The Loonie closed 0.05% higher in the previous session before extending its gains moderately on Thursday morning. The Canadian dollar gained ground as market sentiment improved as a result of favorable corporate earnings reports, as well as an increase in oil prices caused by Russia's suspension of natural gas exports to Europe. Meanwhile, Canada intends to give itself the authority to confiscate the assets of sanctioned Russian individuals and corporations and use them to pay victims of the Ukrainian war. The additional measures will be incorporated into the government's budget legislation, which means they will almost certainly be approved by parliament by the summer. In other news, Canada's main stock index, the S&P/TSX, managed to settle 0.3% higher on Wednesday, halting a five-session slide that had taken the Canadian index to its lowest level in three months.
The Mexican Peso rose 0.15% in the previous session against the greenback before extending its momentum on Thursday morning. This follows the improved risk sentiment, triggered by positive corporate profit reports which keep aside the economic growth concerns for the time period. Meanwhile, the United States Supreme Court has questioned President Joe Biden's attempt to reverse his predecessor's "remain in Mexico" policy, which has compelled tens of thousands of asylum seekers to wait south of the border while their claims are processed. Elsewhere, Mexico's central bank has raised interest rates seven times in the last seven sessions, attempting to reduce inflationary pressures caused by the Ukraine crisis. Nonetheless, investors continued to flee government debt amid persistent fears that rising food costs would send the country into recession.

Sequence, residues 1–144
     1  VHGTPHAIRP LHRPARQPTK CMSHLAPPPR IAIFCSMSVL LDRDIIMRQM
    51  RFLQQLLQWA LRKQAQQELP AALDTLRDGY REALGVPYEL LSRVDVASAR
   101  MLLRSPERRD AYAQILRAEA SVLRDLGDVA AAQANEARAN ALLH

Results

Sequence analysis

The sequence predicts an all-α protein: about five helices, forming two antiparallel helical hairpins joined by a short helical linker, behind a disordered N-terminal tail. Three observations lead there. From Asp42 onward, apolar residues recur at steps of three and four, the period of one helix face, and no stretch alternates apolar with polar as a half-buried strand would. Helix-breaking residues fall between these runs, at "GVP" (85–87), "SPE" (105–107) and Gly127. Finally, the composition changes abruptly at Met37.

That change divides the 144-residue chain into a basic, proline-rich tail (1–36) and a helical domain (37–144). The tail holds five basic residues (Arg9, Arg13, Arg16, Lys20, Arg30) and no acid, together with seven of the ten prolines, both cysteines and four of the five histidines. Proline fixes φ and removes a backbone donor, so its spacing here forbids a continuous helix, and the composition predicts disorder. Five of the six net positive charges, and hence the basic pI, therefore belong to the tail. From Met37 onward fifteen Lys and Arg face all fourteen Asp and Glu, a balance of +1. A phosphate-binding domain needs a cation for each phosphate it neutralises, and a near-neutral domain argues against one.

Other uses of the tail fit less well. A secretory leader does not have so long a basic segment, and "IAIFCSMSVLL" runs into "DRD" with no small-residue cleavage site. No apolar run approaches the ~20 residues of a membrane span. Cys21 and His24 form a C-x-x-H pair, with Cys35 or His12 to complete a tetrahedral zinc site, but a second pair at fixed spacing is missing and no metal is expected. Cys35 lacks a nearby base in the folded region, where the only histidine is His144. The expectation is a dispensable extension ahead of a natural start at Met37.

The Chinese Yuan closed marginally higher in the previous session against the greenback. On Thursday, the Yuan fell against the U.S. dollar, extending its recent decline to its lowest level in almost a year, amid fears that Shanghai-style lockdowns could spread to other parts of China as major cities cranked up virus testing. The Yuan fell roughly 4% in two weeks as China's deteriorating Covid situation put more downward pressure on its shattered economy and emphasized the need for greater policy easing. This was in stark contrast to other major economies, with the U.S. poised to hike interest rates quickly this year in order to control inflation. In other news, China's central bank announced a reduction in the reserve requirement ratio for foreign currency deposits to 8% from 9% beginning May 15, in an effort to maintain a swiftly sinking Yuan.
After three consecutive sessions of losses, the Brazilian currency presented a slight correction this last Wednesday, ending the day up 0.55%. The day was marked by the release of the IPCA-15 – considered a preview of the country’s official inflation – registering 1.73% in April, the highest rate for the month since 1995. In the 12-month period, the index reached 12.03%. As a result, pressure increases for the Central Bank to extend the Selic base rate adjustment cycle beyond May. Meanwhile, Brazil is home to more than 8% of ore deposits of available iron, the fifth largest in the world. Having said that, the futures price of iron ore is a crucial component in the pricing of the Real. In recent weeks, the recent devaluation of the Real comes in tune with the news that China – a major consumer of the raw material – is facing a new wave of Covid contagion and lockdowns are being imposed in numerous locations. Investors are pricing in the cooling of the demand for the ore, despite the Chinese government's efforts to extol its major infrastructure projects.